appears to have been too broad to be treated
Meaning of Dhamma
Asoka’s dhamma was neither a new religion nor a new political philosophy.
Rather, it was a way of life, a code of conduct and a set of principles to be
adopted and practised by the people at large. Its contents were so broad and
humanitarian that no cultural group or religious sect could object to its
propagation by Asoka. Though the concept of dhamma used in the sense of
law and social order was not new to the ancient Indians, Asoka gave a new
meaning and significance to the concept by humanising it.
It is generally accepted that dhamma was Asoka’s own invention. It may
have been influenced by Buddhist and Hindu thought, but it was in essence
an attempt on the part of the king to suggest a way of life which was both
practical and convenient, as well as highly moral. If his policy of dhamma
had been merely a recording of Buddhist principles, Asoka would have stated
so quite openly, since he never sought to hide his support for Buddhism. In
connection with the religious aspect of the edicts, the mention in them that
attainment of heaven (svarga) is the reward of moral life in no way proves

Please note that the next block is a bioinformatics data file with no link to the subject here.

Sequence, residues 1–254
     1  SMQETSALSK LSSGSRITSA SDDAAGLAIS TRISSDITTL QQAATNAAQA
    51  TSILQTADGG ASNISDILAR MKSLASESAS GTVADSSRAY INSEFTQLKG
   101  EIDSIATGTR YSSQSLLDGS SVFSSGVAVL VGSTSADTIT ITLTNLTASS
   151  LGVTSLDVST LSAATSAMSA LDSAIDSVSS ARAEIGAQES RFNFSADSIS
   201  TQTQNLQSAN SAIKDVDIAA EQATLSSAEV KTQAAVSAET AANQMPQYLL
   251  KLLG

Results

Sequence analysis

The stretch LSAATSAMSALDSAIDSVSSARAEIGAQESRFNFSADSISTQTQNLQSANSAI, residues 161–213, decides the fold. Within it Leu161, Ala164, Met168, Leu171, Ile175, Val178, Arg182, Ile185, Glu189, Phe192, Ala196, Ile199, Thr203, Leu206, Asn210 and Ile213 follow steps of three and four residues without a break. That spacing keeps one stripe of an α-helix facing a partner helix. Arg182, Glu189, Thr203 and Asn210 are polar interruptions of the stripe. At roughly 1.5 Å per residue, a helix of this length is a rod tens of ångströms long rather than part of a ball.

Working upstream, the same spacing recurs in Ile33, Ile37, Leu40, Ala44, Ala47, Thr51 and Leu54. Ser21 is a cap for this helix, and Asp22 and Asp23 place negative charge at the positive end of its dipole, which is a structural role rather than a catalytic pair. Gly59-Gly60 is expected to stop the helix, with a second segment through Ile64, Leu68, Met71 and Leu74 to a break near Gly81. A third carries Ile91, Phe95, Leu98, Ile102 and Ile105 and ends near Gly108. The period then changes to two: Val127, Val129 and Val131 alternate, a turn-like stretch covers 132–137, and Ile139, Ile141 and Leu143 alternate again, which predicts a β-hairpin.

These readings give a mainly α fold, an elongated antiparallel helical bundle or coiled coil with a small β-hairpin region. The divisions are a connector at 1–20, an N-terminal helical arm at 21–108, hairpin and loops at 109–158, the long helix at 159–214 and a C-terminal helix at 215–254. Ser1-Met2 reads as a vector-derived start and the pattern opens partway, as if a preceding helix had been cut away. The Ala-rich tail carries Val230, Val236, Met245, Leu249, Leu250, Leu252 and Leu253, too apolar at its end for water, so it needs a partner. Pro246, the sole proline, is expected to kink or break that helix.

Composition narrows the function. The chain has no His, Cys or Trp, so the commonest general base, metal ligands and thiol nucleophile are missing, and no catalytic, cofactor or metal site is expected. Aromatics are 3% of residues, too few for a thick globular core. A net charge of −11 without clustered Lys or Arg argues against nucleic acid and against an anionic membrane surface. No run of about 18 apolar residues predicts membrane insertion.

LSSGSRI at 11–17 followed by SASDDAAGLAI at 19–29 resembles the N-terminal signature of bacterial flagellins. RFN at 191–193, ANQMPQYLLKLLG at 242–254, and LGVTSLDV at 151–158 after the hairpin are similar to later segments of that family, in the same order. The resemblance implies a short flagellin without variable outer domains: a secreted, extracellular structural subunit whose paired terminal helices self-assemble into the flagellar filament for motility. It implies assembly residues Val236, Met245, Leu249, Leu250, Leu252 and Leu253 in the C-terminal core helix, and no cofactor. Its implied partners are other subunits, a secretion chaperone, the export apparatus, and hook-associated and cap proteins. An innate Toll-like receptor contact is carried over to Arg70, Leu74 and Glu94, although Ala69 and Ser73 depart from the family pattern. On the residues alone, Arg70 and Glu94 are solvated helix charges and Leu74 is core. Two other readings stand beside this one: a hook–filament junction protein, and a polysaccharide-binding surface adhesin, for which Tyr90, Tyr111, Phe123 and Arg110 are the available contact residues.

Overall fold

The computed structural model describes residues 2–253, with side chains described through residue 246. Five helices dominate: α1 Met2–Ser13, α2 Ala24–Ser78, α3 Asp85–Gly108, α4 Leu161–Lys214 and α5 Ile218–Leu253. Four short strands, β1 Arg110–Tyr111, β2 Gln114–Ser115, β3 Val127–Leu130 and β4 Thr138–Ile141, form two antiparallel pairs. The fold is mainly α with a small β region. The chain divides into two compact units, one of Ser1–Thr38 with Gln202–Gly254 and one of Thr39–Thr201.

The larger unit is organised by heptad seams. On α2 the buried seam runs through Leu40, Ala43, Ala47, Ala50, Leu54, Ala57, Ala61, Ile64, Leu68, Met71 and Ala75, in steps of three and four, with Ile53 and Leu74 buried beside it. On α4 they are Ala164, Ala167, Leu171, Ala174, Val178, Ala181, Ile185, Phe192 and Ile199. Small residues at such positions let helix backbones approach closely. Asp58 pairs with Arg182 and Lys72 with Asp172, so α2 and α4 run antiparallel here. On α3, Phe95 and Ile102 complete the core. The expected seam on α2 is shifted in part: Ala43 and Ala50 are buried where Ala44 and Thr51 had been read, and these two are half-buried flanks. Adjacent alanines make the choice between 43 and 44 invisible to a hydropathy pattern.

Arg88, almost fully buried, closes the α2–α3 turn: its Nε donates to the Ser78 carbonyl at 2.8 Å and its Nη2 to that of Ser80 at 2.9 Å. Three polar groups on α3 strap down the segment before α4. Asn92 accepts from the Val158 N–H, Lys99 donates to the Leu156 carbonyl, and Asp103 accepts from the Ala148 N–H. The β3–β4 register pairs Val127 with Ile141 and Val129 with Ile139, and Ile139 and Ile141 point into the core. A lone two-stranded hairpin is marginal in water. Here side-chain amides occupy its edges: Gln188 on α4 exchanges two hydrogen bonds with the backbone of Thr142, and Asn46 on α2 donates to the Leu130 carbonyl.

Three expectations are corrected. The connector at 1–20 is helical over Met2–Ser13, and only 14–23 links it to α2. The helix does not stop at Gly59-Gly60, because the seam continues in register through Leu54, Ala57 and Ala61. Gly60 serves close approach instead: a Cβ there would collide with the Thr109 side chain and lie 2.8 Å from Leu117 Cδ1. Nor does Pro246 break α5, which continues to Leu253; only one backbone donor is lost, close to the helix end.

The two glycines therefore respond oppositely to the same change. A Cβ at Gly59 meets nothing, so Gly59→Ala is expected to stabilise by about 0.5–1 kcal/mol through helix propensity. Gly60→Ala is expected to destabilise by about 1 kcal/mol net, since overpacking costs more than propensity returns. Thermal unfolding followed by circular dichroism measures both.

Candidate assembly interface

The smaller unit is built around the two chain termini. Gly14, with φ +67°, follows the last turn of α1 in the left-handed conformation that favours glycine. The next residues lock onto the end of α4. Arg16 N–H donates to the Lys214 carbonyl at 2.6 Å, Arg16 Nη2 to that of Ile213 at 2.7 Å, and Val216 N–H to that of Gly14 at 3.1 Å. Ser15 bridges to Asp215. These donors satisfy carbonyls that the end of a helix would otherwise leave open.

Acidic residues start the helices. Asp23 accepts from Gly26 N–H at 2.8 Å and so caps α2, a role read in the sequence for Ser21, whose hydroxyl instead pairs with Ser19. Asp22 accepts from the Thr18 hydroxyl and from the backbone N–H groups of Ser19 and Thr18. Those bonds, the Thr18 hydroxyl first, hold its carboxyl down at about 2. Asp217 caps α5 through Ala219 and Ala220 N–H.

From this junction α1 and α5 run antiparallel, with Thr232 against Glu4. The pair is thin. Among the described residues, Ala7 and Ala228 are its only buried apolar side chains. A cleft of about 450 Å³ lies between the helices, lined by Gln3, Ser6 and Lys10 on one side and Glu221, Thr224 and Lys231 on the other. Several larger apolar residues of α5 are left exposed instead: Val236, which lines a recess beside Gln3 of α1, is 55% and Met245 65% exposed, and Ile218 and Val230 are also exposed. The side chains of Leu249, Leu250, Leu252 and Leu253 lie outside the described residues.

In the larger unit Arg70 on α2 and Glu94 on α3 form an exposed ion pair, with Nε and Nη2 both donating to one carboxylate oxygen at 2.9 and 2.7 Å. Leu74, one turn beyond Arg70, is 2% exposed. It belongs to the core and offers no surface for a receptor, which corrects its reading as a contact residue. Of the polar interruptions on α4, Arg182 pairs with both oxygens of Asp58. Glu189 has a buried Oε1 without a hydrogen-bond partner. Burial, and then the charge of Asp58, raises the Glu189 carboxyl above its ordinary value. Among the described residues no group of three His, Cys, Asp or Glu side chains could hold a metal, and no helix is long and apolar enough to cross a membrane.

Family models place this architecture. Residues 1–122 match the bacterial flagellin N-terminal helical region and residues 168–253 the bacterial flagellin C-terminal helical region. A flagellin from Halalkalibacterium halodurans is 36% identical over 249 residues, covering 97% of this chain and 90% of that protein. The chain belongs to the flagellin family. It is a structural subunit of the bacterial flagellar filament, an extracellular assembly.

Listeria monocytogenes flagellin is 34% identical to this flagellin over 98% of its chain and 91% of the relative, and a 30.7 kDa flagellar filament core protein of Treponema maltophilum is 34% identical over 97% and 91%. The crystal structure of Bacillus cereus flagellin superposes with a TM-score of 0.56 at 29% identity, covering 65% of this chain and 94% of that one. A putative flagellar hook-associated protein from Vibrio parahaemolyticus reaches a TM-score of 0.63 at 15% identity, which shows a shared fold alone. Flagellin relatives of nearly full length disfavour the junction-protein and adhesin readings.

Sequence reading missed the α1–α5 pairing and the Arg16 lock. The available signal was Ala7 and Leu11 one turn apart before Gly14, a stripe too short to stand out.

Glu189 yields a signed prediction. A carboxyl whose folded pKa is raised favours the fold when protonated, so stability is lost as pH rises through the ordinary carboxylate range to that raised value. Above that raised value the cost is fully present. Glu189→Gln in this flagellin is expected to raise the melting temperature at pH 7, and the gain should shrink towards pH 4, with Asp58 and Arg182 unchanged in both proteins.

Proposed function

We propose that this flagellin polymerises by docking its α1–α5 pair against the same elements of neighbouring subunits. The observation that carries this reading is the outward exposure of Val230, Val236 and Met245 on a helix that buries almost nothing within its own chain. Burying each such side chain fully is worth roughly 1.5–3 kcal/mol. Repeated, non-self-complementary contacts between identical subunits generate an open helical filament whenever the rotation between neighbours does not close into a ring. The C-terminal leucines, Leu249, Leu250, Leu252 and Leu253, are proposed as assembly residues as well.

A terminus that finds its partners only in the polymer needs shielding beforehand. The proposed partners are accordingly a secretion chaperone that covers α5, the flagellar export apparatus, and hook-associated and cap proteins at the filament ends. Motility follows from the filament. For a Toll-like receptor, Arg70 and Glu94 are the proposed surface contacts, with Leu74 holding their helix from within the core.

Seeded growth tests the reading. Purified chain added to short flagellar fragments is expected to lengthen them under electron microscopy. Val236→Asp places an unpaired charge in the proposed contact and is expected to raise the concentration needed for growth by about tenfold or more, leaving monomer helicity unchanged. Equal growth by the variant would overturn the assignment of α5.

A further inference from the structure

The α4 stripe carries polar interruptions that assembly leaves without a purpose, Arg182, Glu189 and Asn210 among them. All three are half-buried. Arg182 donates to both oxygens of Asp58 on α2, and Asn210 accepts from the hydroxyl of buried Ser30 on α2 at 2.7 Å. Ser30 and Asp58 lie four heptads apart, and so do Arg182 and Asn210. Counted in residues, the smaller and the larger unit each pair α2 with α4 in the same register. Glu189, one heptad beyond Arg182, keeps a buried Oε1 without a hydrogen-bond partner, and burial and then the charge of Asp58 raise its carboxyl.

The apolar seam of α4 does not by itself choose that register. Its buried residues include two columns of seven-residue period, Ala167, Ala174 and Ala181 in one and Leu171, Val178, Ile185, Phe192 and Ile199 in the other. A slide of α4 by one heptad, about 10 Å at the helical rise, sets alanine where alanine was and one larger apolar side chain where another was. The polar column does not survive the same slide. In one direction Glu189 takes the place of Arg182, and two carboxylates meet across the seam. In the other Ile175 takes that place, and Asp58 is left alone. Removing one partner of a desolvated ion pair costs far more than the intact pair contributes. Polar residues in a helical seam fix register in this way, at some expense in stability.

that he was concerned with the religious aspect of the attainment of heaven.
Asoka was merely trying to relate the degree of reward to a known and
valued symbol in the mind of the average person.
Propagation of Dhamma
The message of Dhamma was propagated in Aramaic and Greek in the north-
western borderland of the subcontinent, implying thereby that linguistic and
associated cultural issues of that region were taken into consideration by the
Maurya emperor probably with a view to facilitating their coalescence into
the Indian material and political milieu. On the other hand, the emperor chose
to issue a large number of edicts in Prakrit in Brahmi script for areas in the
Deccan, which must have been better acquainted with Dravidian languages.
The use of Prakrit in Asoka’s inscriptions from the Deccan may be seen as an
intrusive element, imposed by the apex political authority to ensure its firm
control over the distant southern region.
The Kandahar Greek edict, the contents of which have considerable
similarities with and correspondence to REs XII and XIII, enlists the virtues